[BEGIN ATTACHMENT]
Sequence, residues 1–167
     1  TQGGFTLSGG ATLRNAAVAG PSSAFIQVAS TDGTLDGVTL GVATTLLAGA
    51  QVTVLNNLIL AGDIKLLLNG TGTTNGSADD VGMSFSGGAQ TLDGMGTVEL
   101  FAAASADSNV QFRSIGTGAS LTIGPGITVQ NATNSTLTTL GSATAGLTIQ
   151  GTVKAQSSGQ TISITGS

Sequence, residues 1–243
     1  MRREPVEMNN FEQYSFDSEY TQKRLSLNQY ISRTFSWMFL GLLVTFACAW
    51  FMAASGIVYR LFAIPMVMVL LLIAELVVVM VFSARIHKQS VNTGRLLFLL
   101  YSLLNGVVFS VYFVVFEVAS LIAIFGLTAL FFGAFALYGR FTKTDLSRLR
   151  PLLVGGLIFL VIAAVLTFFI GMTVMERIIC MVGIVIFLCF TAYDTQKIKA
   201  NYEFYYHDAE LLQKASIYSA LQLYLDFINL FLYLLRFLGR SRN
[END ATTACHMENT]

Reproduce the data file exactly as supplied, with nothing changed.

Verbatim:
Sequence, residues 1–167
     1  TQGGFTLSGG ATLRNAAVAG PSSAFIQVAS TDGTLDGVTL GVATTLLAGA
    51  QVTVLNNLIL AGDIKLLLNG TGTTNGSADD VGMSFSGGAQ TLDGMGTVEL
   101  FAAASADSNV QFRSIGTGAS LTIGPGITVQ NATNSTLTTL GSATAGLTIQ
   151  GTVKAQSSGQ TISITGS

Sequence, residues 1–243
     1  MRREPVEMNN FEQYSFDSEY TQKRLSLNQY ISRTFSWMFL GLLVTFACAW
    51  FMAASGIVYR LFAIPMVMVL LLIAELVVVM VFSARIHKQS VNTGRLLFLL
   101  YSLLNGVVFS VYFVVFEVAS LIAIFGLTAL FFGAFALYGR FTKTDLSRLR
   151  PLLVGGLIFL VIAAVLTFFI GMTVMERIIC MVGIVIFLCF TAYDTQKIKA
   201  NYEFYYHDAE LLQKASIYSA LQLYLDFINL FLYLLRFLGR SRN